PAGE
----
Late on Friday May 7, Colonial Pipeline—which is owned by Koch Industries, Shell, pension funds and private equity—shut down its operations due to a ransomware attack on its information systems. Importantly, this breach did not affect the pipeline’s system control and data acquisition (SCADA) systems, there was no physical attack, and apparently no damage to the pipeline system, but the company was still forced to halt operations and doesn’t expect to resume service until the end of the week of May 10.
Colonial (shown in the map to the right) is the largest U.S. liquid fuel pipeline and carries gasoline,
diesel, jet fuel from Gulf Coast (Houston, TX area) refining complex through the southeast, the Washington D.C. area, and northward to Linden, New Jersey just south of Newark airport. The system transports up to 2.5 million barrels of product a day and supplies just under half of the gasoline demand for the east coast. About a quarter to a third of the New York area’s gasoline is supplied by Colonial. The southeastern U.S.—Atlanta, Charlotte—is particularly dependent on the Colonial system as there are no oil refineries in those states and being landlocked, the ability to substitute with waterborne supplies is limited.
If Colonial’s planned return to service by the end of this week succeeds, disruptions will be minimal. As of April 30, eastern U.S. gasoline inventories were 65 million barrels according to U.S. Department of Energy data, enough to supply about 3 weeks of average consumption for this time of year. However, if the outage goes longer, inventories could get drawn down on panic buying, driving higher gasoline prices and shortages in markets dependent on the system, particularly the southeast. Summer driving season is getting underway and Covid recovery has more people on the road. Air travel is also returning quickly, and several major airports depend on Colonial for jet fuel, including Atlanta, Charlotte, Dulles, and the NYC airports.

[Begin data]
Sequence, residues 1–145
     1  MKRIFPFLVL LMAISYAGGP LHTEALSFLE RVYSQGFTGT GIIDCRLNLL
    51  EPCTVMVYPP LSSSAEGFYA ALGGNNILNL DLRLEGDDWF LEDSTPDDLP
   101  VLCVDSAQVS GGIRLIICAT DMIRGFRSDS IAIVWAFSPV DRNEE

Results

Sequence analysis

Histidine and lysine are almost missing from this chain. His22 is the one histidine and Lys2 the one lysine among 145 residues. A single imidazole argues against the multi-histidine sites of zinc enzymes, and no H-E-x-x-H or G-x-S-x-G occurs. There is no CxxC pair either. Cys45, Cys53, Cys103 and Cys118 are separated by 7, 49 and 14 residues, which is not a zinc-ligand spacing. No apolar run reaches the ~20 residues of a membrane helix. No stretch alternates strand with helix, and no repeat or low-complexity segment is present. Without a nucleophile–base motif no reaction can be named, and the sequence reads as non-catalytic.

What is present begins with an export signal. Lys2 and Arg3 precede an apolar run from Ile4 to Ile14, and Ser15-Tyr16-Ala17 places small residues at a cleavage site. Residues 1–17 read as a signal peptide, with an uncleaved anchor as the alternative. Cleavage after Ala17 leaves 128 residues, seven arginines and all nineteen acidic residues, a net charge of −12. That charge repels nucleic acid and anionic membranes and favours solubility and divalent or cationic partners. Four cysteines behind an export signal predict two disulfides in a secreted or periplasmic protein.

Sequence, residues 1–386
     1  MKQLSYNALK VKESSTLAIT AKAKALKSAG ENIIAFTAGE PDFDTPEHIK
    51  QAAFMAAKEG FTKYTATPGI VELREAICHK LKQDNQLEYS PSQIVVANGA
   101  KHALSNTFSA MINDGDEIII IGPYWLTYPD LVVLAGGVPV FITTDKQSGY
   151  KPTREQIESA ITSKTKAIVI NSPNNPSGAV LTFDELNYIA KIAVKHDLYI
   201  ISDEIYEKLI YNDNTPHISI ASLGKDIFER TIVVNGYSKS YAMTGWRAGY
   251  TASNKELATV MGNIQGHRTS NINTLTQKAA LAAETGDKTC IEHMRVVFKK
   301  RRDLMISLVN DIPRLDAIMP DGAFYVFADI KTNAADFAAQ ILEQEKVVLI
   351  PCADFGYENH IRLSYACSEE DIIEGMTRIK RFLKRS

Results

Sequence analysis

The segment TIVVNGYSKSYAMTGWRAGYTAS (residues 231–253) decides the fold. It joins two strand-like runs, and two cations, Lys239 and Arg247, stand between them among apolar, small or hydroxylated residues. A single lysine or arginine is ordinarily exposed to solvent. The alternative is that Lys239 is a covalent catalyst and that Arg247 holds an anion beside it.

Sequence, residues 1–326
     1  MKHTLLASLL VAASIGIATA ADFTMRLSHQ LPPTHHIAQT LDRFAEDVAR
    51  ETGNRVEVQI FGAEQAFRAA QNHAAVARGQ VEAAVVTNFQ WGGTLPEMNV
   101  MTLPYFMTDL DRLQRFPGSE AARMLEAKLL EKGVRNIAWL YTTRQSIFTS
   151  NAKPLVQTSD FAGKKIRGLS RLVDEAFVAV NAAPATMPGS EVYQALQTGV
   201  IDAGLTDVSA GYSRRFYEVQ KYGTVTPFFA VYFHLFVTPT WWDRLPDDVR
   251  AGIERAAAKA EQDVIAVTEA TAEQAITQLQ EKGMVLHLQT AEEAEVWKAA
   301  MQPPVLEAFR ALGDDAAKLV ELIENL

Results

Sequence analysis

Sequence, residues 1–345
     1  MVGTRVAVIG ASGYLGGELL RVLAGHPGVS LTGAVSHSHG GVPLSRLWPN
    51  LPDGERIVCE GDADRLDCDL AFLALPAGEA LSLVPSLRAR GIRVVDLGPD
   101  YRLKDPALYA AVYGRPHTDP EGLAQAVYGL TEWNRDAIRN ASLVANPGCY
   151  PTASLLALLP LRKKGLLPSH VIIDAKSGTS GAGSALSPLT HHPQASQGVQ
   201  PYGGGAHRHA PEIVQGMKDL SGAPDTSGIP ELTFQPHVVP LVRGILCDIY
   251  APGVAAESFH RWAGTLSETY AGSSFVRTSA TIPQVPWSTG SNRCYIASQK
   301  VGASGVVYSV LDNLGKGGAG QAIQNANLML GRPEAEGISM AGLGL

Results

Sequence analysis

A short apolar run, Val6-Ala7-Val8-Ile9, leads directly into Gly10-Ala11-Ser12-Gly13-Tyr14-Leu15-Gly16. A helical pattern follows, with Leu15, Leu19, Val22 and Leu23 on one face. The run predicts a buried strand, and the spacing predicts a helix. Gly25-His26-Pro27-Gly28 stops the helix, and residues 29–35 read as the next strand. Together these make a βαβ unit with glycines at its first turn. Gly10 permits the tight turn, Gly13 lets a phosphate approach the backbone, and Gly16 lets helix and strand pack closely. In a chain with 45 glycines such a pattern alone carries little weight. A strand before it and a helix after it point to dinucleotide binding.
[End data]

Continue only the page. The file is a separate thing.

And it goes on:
New York can also get gasoline from European imports, but it takes a ship about two weeks to make that crossing. Gasoline could be shipped from the Gulf Coast into New York and other harbors but that takes about six days and is further limited by availability of U.S. flagged vessels. To recruit international vessels to pick up the slack would require a presidential exemption from the Jones Act. Federal truck driver hour limitations were relaxed temporarily on Sunday to allow more fuel to be trucked, perhaps a sign that Colonial’s recovery is expected to persist into the current week. Finally, Kinder Morgan is working to accommodate additional volumes on its Plantation Pipeline, which moves refined product from the Gulf Coast to as far north as the greater Washington, D.C. area.
Restoration: In an 18 minute virtual meeting yesterday with government officials, refiners, and retailers, Colonial Pipeline indicated that it expects to substantially restore all service by the coming weekend, but as of 10:00AM eastern time today, the company’s website is down.
Shortages: As we noted yesterday, once the news gets out, worries of a shortage can quickly become self-fulfilling; news outlets across the nation are reporting on gasoline retailers running dry in the western Carolinas, a situation that’s now likely to spread in the coming days. A similar string of events unfolded almost 20 years ago in Phoenix following a refined products pipeline rupture, or more recently when news of a possible shortage of bathroom tissue caused one as customers needlessly hoarded.